This is not so much a project as a punishment.  I mean, Curriculum for Excellence is all very well, though my dad calls it ‘Curriculum for excrement’ which is his way of saying he thinks it’s all shit, and I tend to agree with him now. Why can’t they just keep it in the schoolroom? I mean. We don’t need it at the weekend do we? Not in our real life. Any more than we need Culture. At the weekend we need Sport. Not Culture.

In TattyBogle the notion of excellence isn’t one that we bother about very much anyway. Well, when Show Day comes there’s a bit of argy bargy in the vegetable tent usually but that’s the incomers. They do like to ‘compete.’ And be ‘excellent.’  My mum says that’s because they think they are the ‘social’ elite and I wonder if that’s the same as the ‘cultural’ elite.  I think my plan to get my mum to help me may be a good one because what with her new found Kindle learning she seems to know quite a bit about reading, and besides that I’m desperate.  I need to have this essay in by Monday. It’s Saturday afternoon. And I’m as clueless as I was a month ago.  Which is not the way Curriculum for Excellence is supposed to work. You’re supposed to learn things aren’t you? And not just how stupid you are.   But I do know one thing.  I know I’ll have to ca’ canny because if she realises I’m only chumming up to her for her knowledge she’ll make me do it on my own. No, I need to make her think that I’m interested in learning and reading and all that jazz and the way to do that will be to tell her how great her Kindle is.

‘Mr EM says Kindles will Kill Culture, mum,’ I say, knowing that now she will engage with the battle.

‘What a remarkably stupid thing to say,’ she replies.

‘Yes, I thought so too,’ I say.

And we are off and running.

Mum has her dander up and we rush to the computer where I show her all the stuff about the Writers Conference and she looks at the ‘acclaimed’ writers and admits she’s never heard of most of them.  But that’s not going to stop us.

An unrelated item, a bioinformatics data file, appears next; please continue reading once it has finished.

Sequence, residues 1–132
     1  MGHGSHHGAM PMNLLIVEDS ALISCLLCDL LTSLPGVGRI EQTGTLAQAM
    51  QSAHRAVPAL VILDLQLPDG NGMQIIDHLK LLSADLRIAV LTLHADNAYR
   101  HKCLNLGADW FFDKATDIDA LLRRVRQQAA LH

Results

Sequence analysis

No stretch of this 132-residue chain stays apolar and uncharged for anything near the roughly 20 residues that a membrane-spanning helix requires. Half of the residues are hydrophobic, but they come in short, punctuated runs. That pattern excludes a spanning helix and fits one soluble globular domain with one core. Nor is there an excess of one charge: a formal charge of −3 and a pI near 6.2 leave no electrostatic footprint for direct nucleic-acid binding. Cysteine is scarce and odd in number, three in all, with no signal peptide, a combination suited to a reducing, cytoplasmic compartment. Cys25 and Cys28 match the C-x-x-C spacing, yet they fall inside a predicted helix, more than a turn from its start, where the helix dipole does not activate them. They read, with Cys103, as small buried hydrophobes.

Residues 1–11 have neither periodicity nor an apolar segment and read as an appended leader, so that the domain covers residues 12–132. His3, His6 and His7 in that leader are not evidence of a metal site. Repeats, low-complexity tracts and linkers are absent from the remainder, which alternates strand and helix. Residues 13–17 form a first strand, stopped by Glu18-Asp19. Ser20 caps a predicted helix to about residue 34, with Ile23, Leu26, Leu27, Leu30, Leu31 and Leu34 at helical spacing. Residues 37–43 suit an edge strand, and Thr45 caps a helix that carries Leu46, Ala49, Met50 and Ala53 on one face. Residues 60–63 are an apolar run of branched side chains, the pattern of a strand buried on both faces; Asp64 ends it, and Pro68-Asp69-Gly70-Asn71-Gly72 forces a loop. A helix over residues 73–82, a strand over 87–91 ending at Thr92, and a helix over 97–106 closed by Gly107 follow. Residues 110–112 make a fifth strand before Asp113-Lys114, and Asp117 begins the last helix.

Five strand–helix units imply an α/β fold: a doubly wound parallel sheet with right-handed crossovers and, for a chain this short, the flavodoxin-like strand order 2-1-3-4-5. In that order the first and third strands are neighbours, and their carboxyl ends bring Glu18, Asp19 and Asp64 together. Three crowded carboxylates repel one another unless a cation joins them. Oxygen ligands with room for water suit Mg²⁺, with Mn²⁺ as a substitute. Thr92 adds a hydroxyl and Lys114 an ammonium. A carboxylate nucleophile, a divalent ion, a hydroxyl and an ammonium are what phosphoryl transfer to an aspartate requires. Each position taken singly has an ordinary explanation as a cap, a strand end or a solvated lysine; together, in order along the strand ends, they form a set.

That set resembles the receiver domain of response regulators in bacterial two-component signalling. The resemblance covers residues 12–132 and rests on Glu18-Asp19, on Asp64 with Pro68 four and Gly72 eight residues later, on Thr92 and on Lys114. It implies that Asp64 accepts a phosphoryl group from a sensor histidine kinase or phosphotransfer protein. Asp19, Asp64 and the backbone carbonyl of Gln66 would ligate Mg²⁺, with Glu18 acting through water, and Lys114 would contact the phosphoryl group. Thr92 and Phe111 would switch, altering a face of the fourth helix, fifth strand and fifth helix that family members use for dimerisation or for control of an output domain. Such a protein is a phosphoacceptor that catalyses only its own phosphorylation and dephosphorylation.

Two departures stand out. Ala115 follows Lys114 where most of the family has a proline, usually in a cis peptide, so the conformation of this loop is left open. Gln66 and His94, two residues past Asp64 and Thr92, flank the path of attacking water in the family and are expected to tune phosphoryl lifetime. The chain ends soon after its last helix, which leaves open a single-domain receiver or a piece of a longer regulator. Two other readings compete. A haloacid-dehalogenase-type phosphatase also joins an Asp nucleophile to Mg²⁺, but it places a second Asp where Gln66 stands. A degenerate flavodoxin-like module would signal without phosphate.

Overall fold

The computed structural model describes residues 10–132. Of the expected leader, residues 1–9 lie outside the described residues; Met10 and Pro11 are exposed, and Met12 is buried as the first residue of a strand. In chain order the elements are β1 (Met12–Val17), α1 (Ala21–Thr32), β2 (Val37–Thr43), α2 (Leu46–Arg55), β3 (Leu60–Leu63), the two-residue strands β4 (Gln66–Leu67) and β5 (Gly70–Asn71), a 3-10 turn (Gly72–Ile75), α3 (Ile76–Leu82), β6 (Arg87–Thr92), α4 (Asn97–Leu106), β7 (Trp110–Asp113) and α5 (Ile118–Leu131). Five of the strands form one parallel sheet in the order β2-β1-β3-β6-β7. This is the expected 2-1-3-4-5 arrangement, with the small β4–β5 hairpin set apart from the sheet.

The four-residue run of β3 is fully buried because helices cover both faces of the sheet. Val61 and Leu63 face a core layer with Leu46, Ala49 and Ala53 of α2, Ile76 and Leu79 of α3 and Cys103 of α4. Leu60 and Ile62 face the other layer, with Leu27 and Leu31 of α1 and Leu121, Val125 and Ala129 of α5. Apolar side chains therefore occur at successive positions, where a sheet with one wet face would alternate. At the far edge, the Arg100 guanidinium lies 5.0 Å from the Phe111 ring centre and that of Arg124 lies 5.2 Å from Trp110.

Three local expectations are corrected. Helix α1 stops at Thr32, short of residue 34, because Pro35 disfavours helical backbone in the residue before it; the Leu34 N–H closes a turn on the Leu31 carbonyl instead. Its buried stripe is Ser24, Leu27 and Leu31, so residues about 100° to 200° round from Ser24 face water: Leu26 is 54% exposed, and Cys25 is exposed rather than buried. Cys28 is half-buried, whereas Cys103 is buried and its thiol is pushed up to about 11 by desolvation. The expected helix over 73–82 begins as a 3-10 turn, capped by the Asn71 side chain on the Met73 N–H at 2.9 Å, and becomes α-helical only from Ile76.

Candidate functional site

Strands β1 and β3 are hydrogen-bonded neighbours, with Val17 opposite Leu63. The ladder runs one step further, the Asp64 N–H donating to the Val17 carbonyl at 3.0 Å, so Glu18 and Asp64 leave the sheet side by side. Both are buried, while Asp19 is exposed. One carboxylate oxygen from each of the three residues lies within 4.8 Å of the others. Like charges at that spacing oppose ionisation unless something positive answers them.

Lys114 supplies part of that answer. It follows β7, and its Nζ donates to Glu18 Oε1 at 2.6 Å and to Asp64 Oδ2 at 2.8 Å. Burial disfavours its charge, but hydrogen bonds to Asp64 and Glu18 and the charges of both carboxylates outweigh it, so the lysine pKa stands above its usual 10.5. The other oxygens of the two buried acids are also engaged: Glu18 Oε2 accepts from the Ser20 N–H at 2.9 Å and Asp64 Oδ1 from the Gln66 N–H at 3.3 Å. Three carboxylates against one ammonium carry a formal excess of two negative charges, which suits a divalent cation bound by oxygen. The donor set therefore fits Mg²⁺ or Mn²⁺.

‘See,’ she says, ‘we can download them right here, right now. Without even going to the library.’

Which is lucky because in these times of economic austerity the library is shut on a Saturday afternoon in TattyBogle and anyway, I saw John use mum’s library card to clean the crud off the hoof of a calf the other day and I don’t think he Put It Back like he should have done.

So mum gets her Kindle out  -the weapon of truth – and she starts looking for ebooks to download.  It’s shopping without ever leaving home. She loves it. And we decide that if the acclaimed author doesn’t even have their book out as an ebook then they probably aren’t any good.  My mum explains the pricing structure to me. How some books are free and some are expensive and it doesn’t actually mean anything other than how the publisher is trying to rob money off you and so she prefers the cheap ones than the expensive ones. I know this isn’t what Mr EM tells us because he tells you that ‘you have to pay for professional culture’ but I’m not here to keep Mr EM happy (well, of course I am) I’m here to learn more things and this is something mum wants me to know: that the value of something isn’t always related to its price.  Sounds radical to me but it takes all sorts to make a world, doesn’t it?  And remember I did think before that maybe the value of the thing is in the thing not in the price someone charges. I tell mum this thought and she tells me I’m a very ‘insightful young man’ and she’s sure ‘I can win the competition even just to spite Mr EM.’

So now it’s really game on. And mum’s going to do all the reading for me on here Kindle as long as I look at the websites and tell her what questions we are supposed to be ‘addressing.’  Result.

Don’t forget to come back for the double length, final episode TOMORROW and in the mean time if you like Jack tell him.  (Ed)